Being prepared is the key to surviving disasters. This includes not only preparing for yourself, but for your pet as well. General rules of thumb are to have a 1 week supply of essentials at the house (stored in waterproof containers), a 3 day supply of essentials in a waterproof box in the car, and a 1 day supply of lightweight essentials in a backpack, stored in an easily accessible location, such as a car, bedroom, or office. Don’t be caught unprepared. Follow these guidelines to help your pet prepare for a disaster.
1. Water – This is the most critical item during a disaster. As to how much you will need, calculate one gallon per person per day. An eight pound cat will drink about a cup of water per day. A thirty pound dog will drink about one quart of water per day. These amounts will dramatically increase with heat, humidity, or any strenuous activity. In your backpack, pack two quarts of water and either puriﬁcation tablets or a water ﬁlter.
2. Food – Store non-perishable foods that do not require hydration with water. Vacuum-sealed, waterproof packets of dry food or canned food for pets works well. Don’t forget a can opener. Include special treats to help reduce stress in pets and to help distract them if needed.
3. Medical – Keep a good store of your pet’s medications. Always have in excess of a one-week supply. If your pet has problems with anxiety, such as storm phobia, be sure to also have a veterinarian-prescribed sedative or tranquilizer on-hand.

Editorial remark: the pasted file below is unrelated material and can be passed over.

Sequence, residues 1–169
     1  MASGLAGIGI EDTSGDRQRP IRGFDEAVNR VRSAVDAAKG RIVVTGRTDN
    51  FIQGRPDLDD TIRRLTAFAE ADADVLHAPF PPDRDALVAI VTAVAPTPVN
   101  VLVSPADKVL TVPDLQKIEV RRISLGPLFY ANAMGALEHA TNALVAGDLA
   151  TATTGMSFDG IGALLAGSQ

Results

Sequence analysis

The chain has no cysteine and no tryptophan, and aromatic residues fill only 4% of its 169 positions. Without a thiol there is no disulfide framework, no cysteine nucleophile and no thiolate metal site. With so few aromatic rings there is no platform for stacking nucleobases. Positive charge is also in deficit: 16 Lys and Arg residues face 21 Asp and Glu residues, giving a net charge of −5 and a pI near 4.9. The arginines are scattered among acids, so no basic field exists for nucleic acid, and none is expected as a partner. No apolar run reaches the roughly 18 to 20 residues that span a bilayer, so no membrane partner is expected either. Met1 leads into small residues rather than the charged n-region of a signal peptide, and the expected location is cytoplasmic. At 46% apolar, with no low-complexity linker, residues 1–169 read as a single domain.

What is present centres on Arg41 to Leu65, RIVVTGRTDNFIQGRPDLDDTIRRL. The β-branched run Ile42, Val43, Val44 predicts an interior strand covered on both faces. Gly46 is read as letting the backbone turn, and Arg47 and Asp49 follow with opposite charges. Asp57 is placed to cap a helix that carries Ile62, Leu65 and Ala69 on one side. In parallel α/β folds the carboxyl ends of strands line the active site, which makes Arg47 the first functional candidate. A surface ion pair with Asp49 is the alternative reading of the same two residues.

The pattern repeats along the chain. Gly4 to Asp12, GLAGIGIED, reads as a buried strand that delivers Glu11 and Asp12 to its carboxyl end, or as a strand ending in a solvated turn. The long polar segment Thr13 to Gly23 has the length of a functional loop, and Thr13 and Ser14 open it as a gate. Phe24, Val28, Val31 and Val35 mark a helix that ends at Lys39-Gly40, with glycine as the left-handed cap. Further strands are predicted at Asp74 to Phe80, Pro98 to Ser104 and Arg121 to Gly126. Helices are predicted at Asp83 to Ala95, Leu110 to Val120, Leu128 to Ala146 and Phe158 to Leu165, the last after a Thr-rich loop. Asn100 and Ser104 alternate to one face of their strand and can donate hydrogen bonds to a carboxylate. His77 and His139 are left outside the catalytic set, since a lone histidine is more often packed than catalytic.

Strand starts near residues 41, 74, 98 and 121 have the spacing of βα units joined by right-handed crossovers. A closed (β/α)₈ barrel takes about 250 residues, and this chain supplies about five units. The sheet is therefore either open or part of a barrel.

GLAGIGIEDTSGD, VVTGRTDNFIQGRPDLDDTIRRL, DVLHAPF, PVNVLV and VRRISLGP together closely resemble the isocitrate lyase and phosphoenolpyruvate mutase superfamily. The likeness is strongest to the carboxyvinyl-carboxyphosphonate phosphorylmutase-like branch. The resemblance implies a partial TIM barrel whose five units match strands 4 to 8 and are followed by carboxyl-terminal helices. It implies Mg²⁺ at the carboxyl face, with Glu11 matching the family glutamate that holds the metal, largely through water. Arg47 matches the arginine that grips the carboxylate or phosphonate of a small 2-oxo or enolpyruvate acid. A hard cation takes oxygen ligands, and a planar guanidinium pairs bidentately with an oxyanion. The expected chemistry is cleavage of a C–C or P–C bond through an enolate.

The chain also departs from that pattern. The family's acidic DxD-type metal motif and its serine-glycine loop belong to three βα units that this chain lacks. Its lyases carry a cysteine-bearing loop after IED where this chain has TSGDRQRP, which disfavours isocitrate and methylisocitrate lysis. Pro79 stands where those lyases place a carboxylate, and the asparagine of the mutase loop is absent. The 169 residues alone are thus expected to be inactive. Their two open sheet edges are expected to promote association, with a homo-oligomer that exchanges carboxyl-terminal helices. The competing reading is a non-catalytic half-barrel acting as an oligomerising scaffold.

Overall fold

4. Clothing – Emergency reﬂective solar blankets can be life-saving. Fleece is comfortable, compact, and quick-drying. Dogs should have protective boots to guard against debris. Reﬂective collars or vests, an extra leash, and even a ﬂashing red LED collar light are good ideas. Transportable pet carriers for cats or small dogs are also a good idea. The ability to restrain a pet during stressful times can help keep them safe.
5. ID – Microchip your pet, and don’t forget to register your name and information with the microchip company. Also, register your pet with the county. Always have ID tags and a rabies tag on your pet’s collar. Make sure you have addresses and numbers to local emergency veterinarians, your veterinarian, proof of rabies vaccination, and a photo of your pet. Keep your pet up to date on heartworm preventative, ﬂea/tick preventatives, and de-wormers, as parasites can become more prevalent during disasters.